Victor Davis Hanson writes for about persistent divisions involving race.

Recently an unarmed 29-year-old African American, Tyre Nichols, was brutally beaten to death by five Black Memphis police officers. They were charged with murder. All belonged to a special crime unit known as the Scorpions.

Both the victimizers and victim were Black. The Memphis police chief is Black. The assistant police chief is Black.

Nearly 60 percent of the police force is Black. The white population of Memphis is about 25%.

The now-disbanded Scorpion unit of mostly Black officers was created as a response to grassroots appeals to stop spiraling crime in mostly Black neighborhoods.

The death of Tyre Nichols could be attributed to many things: a basic lack of humanity on the part of the officers, poor police training, lax administrative supervision, and lowered hiring standards.

Instead, no sooner was the beating death announced than accusations of “systemic racism” surfaced.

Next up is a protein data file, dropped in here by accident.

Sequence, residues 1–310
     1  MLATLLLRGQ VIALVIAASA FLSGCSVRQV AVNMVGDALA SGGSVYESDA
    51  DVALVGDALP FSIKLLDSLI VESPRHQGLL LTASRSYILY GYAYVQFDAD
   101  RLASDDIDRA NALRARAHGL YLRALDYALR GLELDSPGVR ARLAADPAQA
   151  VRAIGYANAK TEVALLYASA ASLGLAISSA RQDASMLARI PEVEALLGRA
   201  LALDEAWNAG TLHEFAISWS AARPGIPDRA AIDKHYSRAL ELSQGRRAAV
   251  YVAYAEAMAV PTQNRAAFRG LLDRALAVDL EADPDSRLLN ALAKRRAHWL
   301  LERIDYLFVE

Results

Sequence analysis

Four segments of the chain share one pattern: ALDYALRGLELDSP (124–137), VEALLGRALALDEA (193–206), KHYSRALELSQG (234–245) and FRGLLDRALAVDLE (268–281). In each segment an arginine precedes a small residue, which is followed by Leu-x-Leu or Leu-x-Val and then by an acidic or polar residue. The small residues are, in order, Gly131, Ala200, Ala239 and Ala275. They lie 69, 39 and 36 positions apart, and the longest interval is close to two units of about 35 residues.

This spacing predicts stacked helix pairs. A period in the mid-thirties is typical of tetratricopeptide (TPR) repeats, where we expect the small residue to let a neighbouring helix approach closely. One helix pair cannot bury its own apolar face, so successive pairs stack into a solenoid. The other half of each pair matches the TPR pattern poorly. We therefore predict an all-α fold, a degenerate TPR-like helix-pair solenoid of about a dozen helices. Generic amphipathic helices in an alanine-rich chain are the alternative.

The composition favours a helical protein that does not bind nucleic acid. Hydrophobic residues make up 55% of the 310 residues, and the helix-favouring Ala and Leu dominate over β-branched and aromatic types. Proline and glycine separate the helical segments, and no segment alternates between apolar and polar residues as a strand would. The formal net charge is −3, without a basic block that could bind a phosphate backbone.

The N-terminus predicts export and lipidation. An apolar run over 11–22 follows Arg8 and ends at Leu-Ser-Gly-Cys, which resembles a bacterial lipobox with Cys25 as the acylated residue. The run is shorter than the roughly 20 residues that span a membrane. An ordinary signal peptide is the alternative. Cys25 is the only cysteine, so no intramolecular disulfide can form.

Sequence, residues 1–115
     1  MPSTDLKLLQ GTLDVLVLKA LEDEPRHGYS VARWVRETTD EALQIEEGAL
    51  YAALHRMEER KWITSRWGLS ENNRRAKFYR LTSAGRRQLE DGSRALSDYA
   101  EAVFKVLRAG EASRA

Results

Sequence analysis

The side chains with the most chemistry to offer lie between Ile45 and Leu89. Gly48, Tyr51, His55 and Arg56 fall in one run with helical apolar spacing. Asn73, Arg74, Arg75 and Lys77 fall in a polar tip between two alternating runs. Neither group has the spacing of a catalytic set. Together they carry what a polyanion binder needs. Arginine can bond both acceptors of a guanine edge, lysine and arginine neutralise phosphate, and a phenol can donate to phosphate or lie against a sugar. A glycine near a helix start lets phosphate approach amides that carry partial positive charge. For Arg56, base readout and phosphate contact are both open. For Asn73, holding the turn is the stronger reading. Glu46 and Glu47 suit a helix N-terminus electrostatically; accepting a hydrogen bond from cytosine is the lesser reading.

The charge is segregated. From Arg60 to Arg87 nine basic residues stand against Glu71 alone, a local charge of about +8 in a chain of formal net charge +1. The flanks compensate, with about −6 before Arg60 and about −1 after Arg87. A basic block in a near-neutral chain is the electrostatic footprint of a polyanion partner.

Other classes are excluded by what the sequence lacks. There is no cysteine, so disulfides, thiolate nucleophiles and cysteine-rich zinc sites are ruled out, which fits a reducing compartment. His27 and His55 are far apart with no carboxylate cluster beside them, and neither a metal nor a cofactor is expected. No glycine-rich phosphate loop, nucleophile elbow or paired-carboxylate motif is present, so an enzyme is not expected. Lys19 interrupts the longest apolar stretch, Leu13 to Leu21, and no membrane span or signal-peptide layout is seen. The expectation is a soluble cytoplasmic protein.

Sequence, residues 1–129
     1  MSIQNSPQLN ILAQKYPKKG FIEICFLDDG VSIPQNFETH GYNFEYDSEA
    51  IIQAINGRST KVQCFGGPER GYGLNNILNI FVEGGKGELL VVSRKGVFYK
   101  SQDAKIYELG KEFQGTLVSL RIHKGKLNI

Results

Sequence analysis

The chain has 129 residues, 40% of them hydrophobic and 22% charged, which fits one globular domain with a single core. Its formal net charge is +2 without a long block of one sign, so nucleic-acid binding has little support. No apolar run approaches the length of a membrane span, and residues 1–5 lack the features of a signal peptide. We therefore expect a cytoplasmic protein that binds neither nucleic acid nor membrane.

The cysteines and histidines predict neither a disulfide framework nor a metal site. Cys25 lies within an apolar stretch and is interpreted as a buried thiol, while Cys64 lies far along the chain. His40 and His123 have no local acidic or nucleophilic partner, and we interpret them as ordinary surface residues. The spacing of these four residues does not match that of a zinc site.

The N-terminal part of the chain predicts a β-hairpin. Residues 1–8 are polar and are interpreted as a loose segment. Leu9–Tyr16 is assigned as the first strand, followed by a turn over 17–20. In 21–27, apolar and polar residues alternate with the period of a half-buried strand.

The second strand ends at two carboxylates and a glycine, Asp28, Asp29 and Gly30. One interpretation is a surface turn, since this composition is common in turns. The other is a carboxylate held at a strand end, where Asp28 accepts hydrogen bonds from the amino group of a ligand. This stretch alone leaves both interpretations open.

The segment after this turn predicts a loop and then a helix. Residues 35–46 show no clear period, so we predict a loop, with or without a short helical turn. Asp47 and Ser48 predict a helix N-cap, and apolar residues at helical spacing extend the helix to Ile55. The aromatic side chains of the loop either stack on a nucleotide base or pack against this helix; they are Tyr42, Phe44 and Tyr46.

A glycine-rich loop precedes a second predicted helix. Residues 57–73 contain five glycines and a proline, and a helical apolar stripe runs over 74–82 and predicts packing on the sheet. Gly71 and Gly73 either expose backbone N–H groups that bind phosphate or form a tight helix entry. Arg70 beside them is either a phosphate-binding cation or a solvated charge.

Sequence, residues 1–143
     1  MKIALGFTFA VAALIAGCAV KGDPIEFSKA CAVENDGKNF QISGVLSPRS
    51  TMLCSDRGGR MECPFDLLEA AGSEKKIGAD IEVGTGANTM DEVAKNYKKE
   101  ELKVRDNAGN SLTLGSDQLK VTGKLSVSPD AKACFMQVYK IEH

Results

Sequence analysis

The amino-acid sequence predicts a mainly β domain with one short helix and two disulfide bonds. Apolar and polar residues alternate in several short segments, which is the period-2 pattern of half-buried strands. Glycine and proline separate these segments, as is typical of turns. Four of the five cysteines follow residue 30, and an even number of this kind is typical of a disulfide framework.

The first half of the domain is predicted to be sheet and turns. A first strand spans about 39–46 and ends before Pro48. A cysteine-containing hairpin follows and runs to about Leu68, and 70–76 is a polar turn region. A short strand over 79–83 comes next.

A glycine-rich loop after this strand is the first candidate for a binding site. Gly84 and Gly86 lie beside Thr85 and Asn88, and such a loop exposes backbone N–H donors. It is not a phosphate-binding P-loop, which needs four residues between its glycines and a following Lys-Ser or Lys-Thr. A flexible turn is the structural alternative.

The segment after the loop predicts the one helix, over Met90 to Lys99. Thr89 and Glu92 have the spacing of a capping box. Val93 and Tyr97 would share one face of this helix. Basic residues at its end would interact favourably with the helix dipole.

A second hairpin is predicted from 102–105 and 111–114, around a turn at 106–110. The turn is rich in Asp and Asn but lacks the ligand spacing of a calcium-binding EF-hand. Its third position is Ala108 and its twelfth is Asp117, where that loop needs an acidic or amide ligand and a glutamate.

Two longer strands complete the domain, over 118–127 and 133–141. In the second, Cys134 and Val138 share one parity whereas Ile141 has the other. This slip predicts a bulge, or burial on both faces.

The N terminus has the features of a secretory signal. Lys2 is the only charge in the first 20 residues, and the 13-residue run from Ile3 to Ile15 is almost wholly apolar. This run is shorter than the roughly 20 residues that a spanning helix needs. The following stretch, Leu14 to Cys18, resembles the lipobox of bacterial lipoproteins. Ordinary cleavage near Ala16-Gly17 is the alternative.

Van Jones, the former Obama Administration green czar and recent recipient of Jeff Bezos’ $100 million “courage and civility award,” pronounced on CNN that the Black police oppressors were acting out white racism.

Some claimed that charging the five Black officers with murder was itself racist. Others alleged that creating the unit in the first place to reduce Black-on-black crime was racist.

Yet, when everything becomes racist, then nothing in particular can be racist.

About the same time, the city of San Francisco, along with the state of California, was exploring paying out huge cash reparations to its African-American residents for the ancestral sin of slavery.

That evil institution was abolished some 158 years ago through the Civil War that killed some 700,000 Americans.

Yet California was always a free state with no history of slavery.

No resident of America in six generations has been either a slave or slave owner.

Such multibillion-dollar payouts apparently are to be funded by a nearly bankrupt state facing a $25 billion budget shortfall.